"Learn to Let Go" is more than a song title... it's become one of my mantras over the last few years. As much as our past creates who we are, we can't let it define us or hold us back. And especially if you've been through something hard, and we all have, you can't hold on to resentment because it's like poison. You have to learn to let go of those bad feelings and move forward.
The song "Woman" is an inspiring anthem about being a woman and how that is something you should never be ashamed of. While the lyrics can come off less meaningful than the rest of the song on the album, the meaning is there. Kesha sings in the chorus, "I'm a motherfucking woman, baby, alright. I don't need a man to be holding me too tight. I'm a motherfucking woman, baby, that's right. I'm just having fun with my ladies here tonight," repeatedly telling girls and women listening that no matter what anyone tells you, you don't need a man to make you happy. Being a woman will never be a weakness, no matter how hard society tries to make it one. She writes in her personal essay about "Woman,"
I have always been a feminist, but for much of my life I felt like a little girl trying to figure things out. In the past few years, I have felt like a woman more than ever. I just feel the strength and awesomeness and power of being female. We hold the key to humanity. We decide if we populate the Earth, and if so, with whom. We could just decide not to have any more kids and the human race would be over. That is power. I just really fucking love being a woman and I wanted an anthem for anyone else who wants to yell about being self-sufficient and strong. (Yes, men, this song can be for you too.)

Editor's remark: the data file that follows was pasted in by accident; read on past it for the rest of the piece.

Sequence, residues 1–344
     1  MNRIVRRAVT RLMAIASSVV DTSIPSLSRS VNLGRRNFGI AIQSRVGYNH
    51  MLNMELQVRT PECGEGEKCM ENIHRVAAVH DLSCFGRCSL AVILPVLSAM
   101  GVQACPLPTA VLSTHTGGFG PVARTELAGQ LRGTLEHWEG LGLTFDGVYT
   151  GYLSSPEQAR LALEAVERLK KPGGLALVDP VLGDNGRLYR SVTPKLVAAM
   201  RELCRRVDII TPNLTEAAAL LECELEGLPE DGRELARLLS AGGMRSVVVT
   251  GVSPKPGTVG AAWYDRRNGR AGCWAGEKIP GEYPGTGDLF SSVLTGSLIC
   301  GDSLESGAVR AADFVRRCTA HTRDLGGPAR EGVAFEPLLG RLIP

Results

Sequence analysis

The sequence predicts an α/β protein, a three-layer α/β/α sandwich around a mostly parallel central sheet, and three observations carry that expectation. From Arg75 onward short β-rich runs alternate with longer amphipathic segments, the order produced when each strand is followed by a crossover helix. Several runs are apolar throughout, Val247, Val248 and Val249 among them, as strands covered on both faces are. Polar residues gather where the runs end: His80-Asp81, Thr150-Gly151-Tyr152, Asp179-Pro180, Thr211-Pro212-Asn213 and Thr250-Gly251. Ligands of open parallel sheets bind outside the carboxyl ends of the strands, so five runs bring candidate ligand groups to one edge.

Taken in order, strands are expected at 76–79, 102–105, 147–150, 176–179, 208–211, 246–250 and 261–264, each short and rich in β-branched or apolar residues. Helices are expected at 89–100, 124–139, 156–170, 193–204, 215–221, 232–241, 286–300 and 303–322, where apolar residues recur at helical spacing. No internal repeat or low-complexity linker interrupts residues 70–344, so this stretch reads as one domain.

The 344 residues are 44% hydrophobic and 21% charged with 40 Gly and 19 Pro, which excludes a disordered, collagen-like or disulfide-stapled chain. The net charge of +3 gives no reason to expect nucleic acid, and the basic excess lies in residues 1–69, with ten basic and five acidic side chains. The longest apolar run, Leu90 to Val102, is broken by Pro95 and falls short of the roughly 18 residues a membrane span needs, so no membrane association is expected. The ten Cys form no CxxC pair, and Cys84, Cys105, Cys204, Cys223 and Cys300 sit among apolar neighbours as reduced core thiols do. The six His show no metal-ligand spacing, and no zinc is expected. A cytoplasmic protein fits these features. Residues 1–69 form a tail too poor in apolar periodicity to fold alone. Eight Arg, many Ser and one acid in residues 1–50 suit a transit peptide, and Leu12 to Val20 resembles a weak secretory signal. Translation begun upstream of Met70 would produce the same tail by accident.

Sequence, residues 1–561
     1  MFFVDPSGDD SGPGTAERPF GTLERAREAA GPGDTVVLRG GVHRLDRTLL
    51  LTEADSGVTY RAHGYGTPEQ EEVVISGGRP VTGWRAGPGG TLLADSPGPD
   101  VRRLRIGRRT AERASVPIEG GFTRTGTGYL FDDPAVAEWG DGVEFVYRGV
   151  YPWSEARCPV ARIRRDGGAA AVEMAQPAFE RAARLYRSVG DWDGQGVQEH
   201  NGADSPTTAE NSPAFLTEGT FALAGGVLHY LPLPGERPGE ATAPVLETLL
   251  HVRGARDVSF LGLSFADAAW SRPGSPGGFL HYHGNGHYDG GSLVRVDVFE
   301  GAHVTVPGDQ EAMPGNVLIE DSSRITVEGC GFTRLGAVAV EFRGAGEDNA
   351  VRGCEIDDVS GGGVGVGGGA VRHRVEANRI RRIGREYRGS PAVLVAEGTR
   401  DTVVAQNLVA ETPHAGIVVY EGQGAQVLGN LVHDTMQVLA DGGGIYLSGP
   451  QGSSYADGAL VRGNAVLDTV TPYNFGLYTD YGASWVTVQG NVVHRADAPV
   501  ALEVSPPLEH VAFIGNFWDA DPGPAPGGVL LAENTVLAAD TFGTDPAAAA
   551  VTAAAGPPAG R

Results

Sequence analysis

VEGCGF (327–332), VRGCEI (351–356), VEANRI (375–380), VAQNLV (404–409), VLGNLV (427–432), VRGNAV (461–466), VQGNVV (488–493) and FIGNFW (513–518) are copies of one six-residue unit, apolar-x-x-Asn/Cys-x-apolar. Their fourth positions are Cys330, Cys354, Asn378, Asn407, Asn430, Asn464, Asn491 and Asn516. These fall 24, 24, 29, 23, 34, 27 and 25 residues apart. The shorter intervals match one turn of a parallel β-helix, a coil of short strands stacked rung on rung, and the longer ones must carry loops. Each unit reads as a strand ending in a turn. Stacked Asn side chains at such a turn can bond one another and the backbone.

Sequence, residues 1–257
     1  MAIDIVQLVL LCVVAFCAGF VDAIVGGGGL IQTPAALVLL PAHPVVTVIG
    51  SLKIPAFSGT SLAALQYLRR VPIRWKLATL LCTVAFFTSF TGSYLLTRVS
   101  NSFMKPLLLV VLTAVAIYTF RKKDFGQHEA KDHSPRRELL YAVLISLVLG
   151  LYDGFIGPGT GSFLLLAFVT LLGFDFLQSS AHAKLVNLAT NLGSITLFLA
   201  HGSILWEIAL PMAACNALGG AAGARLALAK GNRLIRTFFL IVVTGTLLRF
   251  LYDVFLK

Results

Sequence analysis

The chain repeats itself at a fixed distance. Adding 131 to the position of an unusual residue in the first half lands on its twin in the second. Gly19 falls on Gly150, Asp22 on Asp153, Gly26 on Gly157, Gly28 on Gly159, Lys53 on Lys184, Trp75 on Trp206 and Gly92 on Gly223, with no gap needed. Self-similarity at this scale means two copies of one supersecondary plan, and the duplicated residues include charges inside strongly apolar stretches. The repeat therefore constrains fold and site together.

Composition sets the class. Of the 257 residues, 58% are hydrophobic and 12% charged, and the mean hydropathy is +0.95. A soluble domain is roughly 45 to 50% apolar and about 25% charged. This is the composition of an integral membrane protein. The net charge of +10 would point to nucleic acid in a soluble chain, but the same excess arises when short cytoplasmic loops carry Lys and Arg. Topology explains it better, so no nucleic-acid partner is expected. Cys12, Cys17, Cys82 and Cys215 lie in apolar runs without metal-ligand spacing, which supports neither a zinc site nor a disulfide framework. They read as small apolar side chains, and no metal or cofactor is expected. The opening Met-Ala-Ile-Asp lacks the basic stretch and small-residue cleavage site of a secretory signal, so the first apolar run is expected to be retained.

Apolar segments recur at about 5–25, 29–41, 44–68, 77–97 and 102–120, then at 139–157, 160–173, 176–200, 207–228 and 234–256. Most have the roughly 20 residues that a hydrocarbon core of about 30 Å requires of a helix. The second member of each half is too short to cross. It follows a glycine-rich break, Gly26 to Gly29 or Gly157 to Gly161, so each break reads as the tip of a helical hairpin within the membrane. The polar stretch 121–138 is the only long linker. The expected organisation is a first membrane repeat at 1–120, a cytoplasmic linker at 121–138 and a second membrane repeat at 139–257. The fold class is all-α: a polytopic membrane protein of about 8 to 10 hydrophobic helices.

The song which shares the title of the album, "Rainbow", is about the hope that things will one day get better. When listening to the song, one gets an overwhelming feeling that no matter what is going on right now, that things can improve and you will overcome whatever it is you are going through. Specific lyrics like, "Yeah, maybe my head's fucked up. But I'm falling right back in love with being alive" show that it is possible to come back from struggles and tragedy. In the second verse, Kesha sings, "I'd forgot how to daydream. So consumed with the wrong things. But in the dark, I realized this life is short ... I can't lose hope, what's left of my heart's still made of gold." These specific lines of the song really show what it is like to be in a dark place where you feel like there may never be light again, but that there is hope. That even with a mangled heart there is a time for change and happiness. In the chorus, she sings, "I found a rainbow, rainbow, baby. Trust me, I know life is scary. But just put those colors on, girl. You gotta learn to let go, put the past behind you. Trust me, I know, the ghosts will try to find you. But just put those colors on, girl." Kesha knows what it is like to go through something that makes you lose hope of things ever getting better, but she's here to show us all that you can find a rainbow in darkness. Her personal essay about "Rainbow" reflects on her time in rehab and the promises she made herself in there. Writing,